The plight of the sebaceous teen: Preventing ‘maskne’ during COVID

Art by Abby Murphy

Matthew Chen

Over time, masks and face coverings become cesspools of dirt and bacteria which can lead to “maskne” (mask acne) if not properly treated. Quarantine is hard enough without a face full of painful pimples; thankfully, there are simple ways to help prevent this scourge. 

It is important to differentiate the two types of pimples: blackheads and whiteheads. Both result from a buildup of bacteria and oil, called sebum, in a pore. According to Bioré, a skincare and beauty company, the most important difference between the two is whiteheads often cluster on the cheeks and chin while blackheads form on the nose. Most masks hug the cheeks, chin and nose, making breakouts in these areas especially common. Now, let’s talk about prevention. 

First, remember that disposable masks should only be worn once. Many people reuse disposable masks one too many times, leading to an accumulation of bacteria from coughs or sneezes and dirt from makeup or sweat. This buildup of bacteria and dirt creates a fertile breeding ground for whiteheads and blackheads. 

More eco-friendly, cloth masks may pose a greater threat to the face. Some use the mask without cleaning it frequently, which is detrimental. Although cloth masks are reusable and sustainable, they should be washed after every use. Inspect each mask for its washing instructions, but using hot water and soap to scrub the cloth material is a reliable way to combat dirt and bacteria.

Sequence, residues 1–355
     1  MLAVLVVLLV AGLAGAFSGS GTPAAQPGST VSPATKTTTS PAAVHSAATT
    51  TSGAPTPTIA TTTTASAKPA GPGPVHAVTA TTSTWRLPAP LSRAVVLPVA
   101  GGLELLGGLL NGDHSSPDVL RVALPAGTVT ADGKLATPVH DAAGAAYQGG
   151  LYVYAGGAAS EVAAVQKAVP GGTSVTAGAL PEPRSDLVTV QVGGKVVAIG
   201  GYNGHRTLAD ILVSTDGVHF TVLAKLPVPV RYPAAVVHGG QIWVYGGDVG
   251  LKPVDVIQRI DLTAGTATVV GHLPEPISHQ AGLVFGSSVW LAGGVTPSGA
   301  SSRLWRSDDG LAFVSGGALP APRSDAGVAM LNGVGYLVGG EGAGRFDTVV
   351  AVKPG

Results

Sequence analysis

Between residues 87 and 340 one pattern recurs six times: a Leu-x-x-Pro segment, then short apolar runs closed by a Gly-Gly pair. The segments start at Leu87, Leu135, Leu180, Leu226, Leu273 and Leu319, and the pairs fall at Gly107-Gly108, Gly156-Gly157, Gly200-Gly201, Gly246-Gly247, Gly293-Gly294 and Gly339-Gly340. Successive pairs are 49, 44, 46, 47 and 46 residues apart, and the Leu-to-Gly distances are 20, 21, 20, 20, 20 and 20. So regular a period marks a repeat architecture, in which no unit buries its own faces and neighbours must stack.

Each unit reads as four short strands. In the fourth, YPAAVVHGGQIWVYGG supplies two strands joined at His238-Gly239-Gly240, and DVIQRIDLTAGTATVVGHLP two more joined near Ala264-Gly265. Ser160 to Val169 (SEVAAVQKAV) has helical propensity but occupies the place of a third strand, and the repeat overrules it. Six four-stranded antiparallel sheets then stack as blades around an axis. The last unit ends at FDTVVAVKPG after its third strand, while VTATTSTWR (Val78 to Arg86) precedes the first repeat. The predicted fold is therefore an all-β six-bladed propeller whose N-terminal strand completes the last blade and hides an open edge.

Another way to reduce the spread of bacteria and dirt is to practice facial cleansing in the morning and at night. On her blog, board-certified dermatologist, Dr. Lela Lankerani, explains the importance of proper skin cleansing. It can decrease the chances of breakouts by removing dirt and sebum from the face. A clean face lessens the rate at which dirt and bacteria accrue on a mask, leading to healthier skin.  

There are multiple techniques to prevent maskne, and at the core of each of them is keeping your mask and face clean. 

One thought on “The plight of the sebaceous teen: Preventing ‘maskne’ during COVID

Leave a Reply

Fill in your details below or click an icon to log in:

WordPress.com Logo

You are commenting using your WordPress.com account. Log Out /  Change )

Google photo

You are commenting using your Google account. Log Out /  Change )

Twitter picture

You are commenting using your Twitter account. Log Out /  Change )

Facebook photo

You are commenting using your Facebook account. Log Out /  Change )

Connecting to %s

%d bloggers like this: